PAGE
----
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If all of this seems to you to be out there in make believe, orif you think you heard this all before and nothing really changed,or it is just not your experience, then you are about tot beoverrun. I just spent two hours with several gurus in this area inpreparation for a ULI New York panel we are running Oct 5 on thissubject. I have a hard time recalling any two hours that was moreeye opening and fascinating. The change is already here and youneed to get informed, or it will cost you money in the future.

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If you invest, lend to, operate, or design real estate of anykind, you need to get informed on where the digital world is going,and you need to start now. It is a revolution that is equal to theindustrial revolution in terms of the long term impact on how wewill live and work, and how the culture is changing over the nextten years and forward. The impact on which buildings will be thetrophy properties because they provide the electronic and otheramenitized environment, including green, that is already beingdemanded by young employees, will affect who makes money in realestate over the next 10 years. Which residential buildings arewired to accommodate the coming demands for power and outlets. Evenmy panelists, who are young and the real gurus of this world, saythey have trouble keeping up because it is changing so fast, andthe rest of us are not even in the starting blocks.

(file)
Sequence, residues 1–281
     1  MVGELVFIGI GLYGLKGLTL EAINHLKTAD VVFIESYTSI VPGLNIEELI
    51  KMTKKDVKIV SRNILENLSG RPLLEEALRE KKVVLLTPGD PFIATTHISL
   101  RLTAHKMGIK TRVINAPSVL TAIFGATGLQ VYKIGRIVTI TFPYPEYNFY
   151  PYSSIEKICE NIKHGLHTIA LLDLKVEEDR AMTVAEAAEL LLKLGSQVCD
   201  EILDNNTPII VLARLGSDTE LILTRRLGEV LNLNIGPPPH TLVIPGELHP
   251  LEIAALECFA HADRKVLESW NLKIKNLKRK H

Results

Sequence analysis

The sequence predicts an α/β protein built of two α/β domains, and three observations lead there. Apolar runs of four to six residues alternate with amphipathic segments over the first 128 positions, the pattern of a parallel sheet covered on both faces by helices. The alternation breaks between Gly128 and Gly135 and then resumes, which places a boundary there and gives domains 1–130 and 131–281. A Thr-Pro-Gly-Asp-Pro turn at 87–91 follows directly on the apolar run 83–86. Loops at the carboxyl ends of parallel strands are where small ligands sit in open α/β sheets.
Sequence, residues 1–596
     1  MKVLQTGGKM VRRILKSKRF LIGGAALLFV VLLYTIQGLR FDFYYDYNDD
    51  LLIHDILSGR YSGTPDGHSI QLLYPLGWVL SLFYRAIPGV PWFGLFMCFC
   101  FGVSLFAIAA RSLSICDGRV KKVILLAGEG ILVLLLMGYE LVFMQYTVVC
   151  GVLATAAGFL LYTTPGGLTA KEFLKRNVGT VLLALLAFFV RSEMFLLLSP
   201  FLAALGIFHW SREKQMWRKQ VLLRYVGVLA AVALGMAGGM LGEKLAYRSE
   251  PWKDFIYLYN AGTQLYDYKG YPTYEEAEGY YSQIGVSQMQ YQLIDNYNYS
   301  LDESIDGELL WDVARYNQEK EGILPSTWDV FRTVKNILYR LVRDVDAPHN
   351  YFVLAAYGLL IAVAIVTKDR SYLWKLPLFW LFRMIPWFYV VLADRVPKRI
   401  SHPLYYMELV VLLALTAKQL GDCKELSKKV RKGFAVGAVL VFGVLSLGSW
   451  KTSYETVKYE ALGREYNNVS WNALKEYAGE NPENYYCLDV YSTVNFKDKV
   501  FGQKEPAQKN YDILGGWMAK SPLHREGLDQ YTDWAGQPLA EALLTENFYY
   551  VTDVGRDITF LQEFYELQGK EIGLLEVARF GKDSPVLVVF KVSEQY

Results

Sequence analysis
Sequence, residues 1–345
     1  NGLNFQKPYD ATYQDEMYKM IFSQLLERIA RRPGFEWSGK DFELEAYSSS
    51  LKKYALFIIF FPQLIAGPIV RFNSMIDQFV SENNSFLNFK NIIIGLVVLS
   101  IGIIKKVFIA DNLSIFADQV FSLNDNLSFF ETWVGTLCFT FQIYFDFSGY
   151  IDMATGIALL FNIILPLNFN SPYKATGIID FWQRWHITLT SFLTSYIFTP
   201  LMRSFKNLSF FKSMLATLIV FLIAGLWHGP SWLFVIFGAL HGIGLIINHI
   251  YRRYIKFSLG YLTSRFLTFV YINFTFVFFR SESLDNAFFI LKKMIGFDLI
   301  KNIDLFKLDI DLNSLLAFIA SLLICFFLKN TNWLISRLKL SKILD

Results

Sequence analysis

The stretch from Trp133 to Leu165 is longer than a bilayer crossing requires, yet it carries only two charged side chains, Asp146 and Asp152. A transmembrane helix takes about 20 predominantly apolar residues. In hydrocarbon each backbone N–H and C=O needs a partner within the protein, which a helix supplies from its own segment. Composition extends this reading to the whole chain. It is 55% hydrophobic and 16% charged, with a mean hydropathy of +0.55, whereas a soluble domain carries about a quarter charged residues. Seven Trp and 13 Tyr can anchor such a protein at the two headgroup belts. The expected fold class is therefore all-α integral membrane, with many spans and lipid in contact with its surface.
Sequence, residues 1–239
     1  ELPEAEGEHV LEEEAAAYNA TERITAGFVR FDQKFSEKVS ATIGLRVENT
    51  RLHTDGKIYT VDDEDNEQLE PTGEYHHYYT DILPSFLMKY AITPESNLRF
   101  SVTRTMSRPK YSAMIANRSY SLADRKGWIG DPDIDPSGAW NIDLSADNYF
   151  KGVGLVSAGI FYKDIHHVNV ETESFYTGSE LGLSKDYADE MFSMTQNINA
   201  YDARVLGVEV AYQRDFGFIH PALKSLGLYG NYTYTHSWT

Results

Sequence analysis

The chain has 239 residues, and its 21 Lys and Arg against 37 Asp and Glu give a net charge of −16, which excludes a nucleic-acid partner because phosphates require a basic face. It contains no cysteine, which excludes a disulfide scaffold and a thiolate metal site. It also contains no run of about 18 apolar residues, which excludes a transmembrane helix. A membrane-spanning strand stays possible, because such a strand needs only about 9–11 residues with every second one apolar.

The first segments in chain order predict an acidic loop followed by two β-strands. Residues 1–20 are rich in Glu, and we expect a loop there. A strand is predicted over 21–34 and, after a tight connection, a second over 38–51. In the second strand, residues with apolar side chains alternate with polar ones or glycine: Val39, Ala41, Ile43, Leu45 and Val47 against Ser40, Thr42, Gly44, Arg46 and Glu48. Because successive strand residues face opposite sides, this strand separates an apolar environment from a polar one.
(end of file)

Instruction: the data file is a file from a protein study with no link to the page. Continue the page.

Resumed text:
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Joel Ross

Joel Ross began his career in Wall St as an investment banker in 1965, handling corporate advisory matters for a variety of clients. During the seventies he was CEO of North American operations for a UK based conglomerate, and sat on the parent company board. In 1981, he began his own firm handling leveraged buyouts, investment banking and real estate financing. In 1984 Ross began providing investment banking services and arranging financing for real estate transactions with his own firm, Ross Properties, Inc. In 1993 Ross and a partner, Lexington Mortgage, created the first Wall St hotel CMBS program in conjunction with Nomura. They went on to develop a similar CMBS program for another major Wall St investment bank and for five leading hotel companies. Lexington, in partnership with Mr. Ross established a hotel mortgage bank table funded by an investment bank, and making all CMBS hotel loans on their behalf. In 1999 he formed Citadel Realty Advisors as a successor to Ross Properties Corp., focusing on real estate investment banking in the US, UK and Paris. He has closed over $3.0 billion of financings for office, hotel, retail, land and multifamily projects. Ross is also a founder of Market Street Investors, a brownfield land development company, and has been involved in the acquisition of notes on defaulted loans and various REO assets in conjunction with several major investors. Ross was an adjunct professor in the graduate program at the NYU Hotel School. He is a member of Urban Land Institute and was a member of the leadership of his ULI council. In 1999, he conceived and co-authored with PricewaterhouseCoopers, the Hotel Mortgage Performance Report, a major study of hotel mortgage default rates.